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Apprentices have the cutting edge

27/10/2011

Salon owner Suzanne Winfield is set to benefit from a £2,000 grant towards taking on an apprentice. The hairdresser, who opened her business Winfield and Jones in Francis Street, Stoneygate, just 12 months ago, is already reaping the rewards after taking on 16-year-old Ellie Green in August. Now, she is in line for a cash grant from Leicester City Council’s Working Neighbourhood Fund.

The £2,000 grants are available to employers across Leicestershire who employ 16 to 21 year olds from Leicester. They are intended to contribute towards the apprentice’s wages and help those who would otherwise not be in education or training.

Suzanne said: “l had already taken Ellie on when she found out about the grants which were available and told me. I’m now going through the application process and have been told I’m a good candidate. l’m just waiting to hear back. “lt wouldn’t have made a difference to me taking Ellie on but it’s certainly going to be a help if I get it. I’m sure there are lots of business owners out there who might be encouraged to take on an apprentice if they can get a bit if help towards the costs. “Taking on an apprentice is a commitment but l wanted to give someone young a chance and it means I get to mould them to the standards I want.”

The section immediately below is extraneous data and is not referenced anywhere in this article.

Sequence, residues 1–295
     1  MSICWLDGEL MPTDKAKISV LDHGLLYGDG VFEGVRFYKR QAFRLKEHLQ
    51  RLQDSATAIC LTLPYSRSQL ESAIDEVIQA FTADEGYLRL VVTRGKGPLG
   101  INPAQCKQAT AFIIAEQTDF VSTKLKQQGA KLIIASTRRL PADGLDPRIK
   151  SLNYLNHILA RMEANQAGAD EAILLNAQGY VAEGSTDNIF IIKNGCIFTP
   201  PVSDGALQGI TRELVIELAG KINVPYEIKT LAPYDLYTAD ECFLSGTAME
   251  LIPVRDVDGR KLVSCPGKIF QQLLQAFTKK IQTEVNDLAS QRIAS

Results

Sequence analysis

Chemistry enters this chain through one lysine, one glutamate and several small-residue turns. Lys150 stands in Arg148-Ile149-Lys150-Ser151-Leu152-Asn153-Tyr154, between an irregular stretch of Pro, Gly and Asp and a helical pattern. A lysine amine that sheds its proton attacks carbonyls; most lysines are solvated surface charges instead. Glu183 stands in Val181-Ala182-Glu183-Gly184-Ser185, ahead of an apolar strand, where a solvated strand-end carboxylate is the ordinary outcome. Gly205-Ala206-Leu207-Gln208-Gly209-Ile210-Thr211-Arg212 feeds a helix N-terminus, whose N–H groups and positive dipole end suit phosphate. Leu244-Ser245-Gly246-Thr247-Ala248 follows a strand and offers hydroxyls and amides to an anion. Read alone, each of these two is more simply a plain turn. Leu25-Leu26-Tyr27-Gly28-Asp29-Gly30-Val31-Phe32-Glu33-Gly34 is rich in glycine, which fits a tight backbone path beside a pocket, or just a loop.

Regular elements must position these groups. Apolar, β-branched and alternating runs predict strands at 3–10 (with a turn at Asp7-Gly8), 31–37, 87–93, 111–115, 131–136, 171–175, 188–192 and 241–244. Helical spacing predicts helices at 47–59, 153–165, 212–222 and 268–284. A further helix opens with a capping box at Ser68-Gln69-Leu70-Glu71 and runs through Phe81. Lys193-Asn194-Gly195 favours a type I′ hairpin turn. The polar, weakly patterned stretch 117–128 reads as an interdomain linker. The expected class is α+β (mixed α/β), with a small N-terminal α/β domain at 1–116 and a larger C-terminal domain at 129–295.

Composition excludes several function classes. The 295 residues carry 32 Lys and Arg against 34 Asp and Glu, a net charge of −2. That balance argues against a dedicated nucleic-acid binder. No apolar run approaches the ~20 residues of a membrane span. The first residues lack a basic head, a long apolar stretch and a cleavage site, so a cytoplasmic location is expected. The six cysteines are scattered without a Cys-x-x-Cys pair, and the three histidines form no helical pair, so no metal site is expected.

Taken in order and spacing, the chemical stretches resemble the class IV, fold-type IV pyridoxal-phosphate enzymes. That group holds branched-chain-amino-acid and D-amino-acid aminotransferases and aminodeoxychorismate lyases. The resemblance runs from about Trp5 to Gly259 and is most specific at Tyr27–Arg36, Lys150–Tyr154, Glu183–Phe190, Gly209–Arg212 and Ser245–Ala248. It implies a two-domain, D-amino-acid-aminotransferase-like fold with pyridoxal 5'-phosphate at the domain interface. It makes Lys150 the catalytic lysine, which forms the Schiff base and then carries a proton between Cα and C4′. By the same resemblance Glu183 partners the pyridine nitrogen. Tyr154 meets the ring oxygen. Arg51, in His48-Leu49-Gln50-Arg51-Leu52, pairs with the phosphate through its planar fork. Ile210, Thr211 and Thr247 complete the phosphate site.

The Leicester Mercury hopes to make employers aware of the fund through its Working Together Campaign, designed to raise the profile of apprenticeships. We have teamed up with the National Apprenticeship Service (NAS) to make sure school leavers are aware of their options and that employers realise the benefits of taking on an apprentice, including the grants which are available, providing apprentices start by the end of October.

Ellie said: “When I found out about the money I told Suzanne straight away because I know how much it could help. “l’d encourage other apprentices to tell their new employers about it to be in with a chance. I’m really enjoying my apprenticeship. It’s something I’d always wanted to do and learning on the job is proving the best way to do it.” The Leicester College teenager is now working as an apprentice hairdresser at the salon and divides her time between learning in the classroom and on the job.

Businesses must employ no more than 50 people to be eligible for the grant and have never previously taken on an apprentice. NAS gives out the money on behalf of the city council.

Once a business is approved for a cash grant, it is handed out in two instalments, one at the beginning of the apprenticeship and one 13 weeks later. Most apprenticeship learning is on the job with support from colleges throughout the apprenticeship.